The Papua Insects Foundation
The Stirling Expedition or
The Dutch-American expedition to the Nassau Mountains (1926-1927)
The Dutch-American Expedition to the highlands of Central Dutch New Guinea (1926-1927), also called The Stirling Expedition, was led by the American antropologist Dr. Matthew W. Stirling. The aim of the expedition was to map the unknown interior of the Carstensz Mountains (Snow Mountains).
The Expedition had about 400 participans of which 75 Ambonese soldiers, 130 Dayak canoers and 250 Indian convicts as porters. Important Dutch members of the expedition are topographer and ethnographer Charles Constant le Roux and biologist and botanist Willem Docters van Leeuwen who also took care of zoological collections.
Their expedition reports were not only about the local inhabitans and their environment at the river Mamberamo and the Rouffaer River but also about the troubles during the expedition between the American and Dutch members of the expedition. These reports give a total different view on the expedition than the films do which were made during the expedition and explain why the Dutch finally took over the leadership of the expedition.
A scoop in history of expeditions was the use of a seaplane with which 1600 kilometers was flown for making airial pictures and film. The aim was to find pygmy tribes in the Nassau Mountains. The American filmer Richard K. Peck made a film of more than 6 kilometers length of the habits and life of the local people and the diaries of Matthew Stirling and historian Stanley Hedberg are treated in the film. On the website of the Smithsonian Institution in Washington more than 700 pictures and a 2 hours film are accessable, titled “By Aeroplane to Pygmyland”.
The Nassau Mountains (Snow Mountains) form an almost impenetrable area with altitudes from 1500 up to 3000 meters. Matthew Stirling read about pygmys in early reports and was appealed to find them himself. Although the expedition was insufficiently prepared it was ahead of its time. For the first time an aeroplane was used, Stirling had the plan to fly in goods and people, to do research and return by plane again. A film camera was used to make a film report, a phonographic device was taken for recording local music and other sounds and a radiostation to have contact with the civilized world. "Fast and spectacular", as Americans used to do in that time. However, the plans failed with the East Indian mentality and local tropical circumstances. Slow boats on flooded rivers from camp to camp, an airoplane which was mostly out of duty due to engine trouble and broken off floaters, problems between the American and Dutch expedition members and the commanders of the military escort. It meant the end of an expedition which could have been very successful.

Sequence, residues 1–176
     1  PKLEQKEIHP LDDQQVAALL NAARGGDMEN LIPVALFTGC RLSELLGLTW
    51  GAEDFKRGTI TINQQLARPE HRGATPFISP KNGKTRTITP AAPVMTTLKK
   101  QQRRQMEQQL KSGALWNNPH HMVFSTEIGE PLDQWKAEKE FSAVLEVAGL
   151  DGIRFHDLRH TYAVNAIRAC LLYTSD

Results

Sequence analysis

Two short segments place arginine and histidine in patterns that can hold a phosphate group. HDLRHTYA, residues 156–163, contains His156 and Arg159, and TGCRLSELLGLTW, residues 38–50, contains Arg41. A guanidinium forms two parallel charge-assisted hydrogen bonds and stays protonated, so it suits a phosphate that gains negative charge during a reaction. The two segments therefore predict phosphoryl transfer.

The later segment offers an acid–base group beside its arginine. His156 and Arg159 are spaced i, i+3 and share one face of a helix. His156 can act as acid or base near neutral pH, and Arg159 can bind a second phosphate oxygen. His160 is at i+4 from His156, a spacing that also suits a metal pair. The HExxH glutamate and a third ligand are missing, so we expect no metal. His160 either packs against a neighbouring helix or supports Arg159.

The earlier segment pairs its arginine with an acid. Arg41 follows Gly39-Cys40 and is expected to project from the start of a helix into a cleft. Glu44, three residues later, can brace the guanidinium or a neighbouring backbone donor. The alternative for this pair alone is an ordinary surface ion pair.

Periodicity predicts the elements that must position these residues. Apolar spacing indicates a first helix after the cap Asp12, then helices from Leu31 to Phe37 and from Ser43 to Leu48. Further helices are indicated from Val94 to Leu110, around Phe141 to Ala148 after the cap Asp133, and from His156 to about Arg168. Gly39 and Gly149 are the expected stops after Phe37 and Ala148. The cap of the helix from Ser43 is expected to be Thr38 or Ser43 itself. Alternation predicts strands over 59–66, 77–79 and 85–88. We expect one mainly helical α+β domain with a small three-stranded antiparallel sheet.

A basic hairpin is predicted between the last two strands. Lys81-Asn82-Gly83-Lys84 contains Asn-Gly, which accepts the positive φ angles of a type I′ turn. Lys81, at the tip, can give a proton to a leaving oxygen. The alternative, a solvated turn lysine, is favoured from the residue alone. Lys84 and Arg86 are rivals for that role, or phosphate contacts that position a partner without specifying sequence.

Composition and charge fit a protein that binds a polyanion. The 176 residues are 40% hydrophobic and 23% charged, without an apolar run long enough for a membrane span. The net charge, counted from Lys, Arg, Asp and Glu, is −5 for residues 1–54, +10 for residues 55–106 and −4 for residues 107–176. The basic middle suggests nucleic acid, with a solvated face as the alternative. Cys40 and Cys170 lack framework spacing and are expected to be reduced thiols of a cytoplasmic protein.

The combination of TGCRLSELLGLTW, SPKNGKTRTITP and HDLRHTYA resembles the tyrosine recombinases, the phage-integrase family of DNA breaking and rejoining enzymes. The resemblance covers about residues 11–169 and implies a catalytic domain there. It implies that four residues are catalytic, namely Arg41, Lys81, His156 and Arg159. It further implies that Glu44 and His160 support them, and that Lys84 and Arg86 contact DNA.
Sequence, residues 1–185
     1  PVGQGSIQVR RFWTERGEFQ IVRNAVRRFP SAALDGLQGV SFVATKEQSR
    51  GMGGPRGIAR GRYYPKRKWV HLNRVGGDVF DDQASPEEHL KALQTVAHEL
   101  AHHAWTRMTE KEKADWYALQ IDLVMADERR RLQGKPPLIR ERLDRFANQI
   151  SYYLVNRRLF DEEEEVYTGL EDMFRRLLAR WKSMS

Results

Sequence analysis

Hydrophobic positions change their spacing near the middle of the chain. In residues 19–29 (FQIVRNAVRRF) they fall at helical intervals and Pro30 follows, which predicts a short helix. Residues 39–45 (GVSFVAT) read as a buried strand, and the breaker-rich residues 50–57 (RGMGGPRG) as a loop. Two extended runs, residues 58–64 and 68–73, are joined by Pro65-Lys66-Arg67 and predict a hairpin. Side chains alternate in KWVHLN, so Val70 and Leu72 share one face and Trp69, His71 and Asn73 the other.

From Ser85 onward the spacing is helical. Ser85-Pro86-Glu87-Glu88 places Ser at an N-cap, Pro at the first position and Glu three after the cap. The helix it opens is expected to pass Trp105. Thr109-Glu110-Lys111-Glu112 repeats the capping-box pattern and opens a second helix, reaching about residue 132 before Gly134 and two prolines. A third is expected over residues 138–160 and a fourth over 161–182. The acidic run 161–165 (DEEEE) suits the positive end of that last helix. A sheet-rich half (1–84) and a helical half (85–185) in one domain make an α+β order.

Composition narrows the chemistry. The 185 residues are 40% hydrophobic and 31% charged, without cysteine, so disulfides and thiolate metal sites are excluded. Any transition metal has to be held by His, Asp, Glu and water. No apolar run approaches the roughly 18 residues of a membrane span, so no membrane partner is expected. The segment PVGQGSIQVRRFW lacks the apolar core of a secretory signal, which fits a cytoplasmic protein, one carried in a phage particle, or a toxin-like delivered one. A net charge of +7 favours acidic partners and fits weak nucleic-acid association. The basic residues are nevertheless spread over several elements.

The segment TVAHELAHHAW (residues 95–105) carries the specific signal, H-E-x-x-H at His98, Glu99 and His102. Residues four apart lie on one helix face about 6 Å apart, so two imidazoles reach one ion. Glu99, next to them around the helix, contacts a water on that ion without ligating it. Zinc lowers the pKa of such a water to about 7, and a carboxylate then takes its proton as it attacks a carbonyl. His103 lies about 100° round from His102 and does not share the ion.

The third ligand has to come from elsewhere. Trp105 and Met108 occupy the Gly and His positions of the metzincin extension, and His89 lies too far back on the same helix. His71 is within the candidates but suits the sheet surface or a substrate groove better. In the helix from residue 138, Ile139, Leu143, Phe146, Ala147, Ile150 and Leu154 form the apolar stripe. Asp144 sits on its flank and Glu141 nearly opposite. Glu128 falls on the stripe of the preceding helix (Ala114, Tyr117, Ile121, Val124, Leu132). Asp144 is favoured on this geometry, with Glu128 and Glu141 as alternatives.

Nevertheless some successes were made. A lot of interesting historic information was collected and stored on the local people and botanical and zoological material was collected by Willem Docters van Leeuwen, mainly at Albatross Camp. The insects collected during this expedition are stored in the Naturalis Biodiversity Center in Leiden, The Netherlands.
updated on 10th November 2013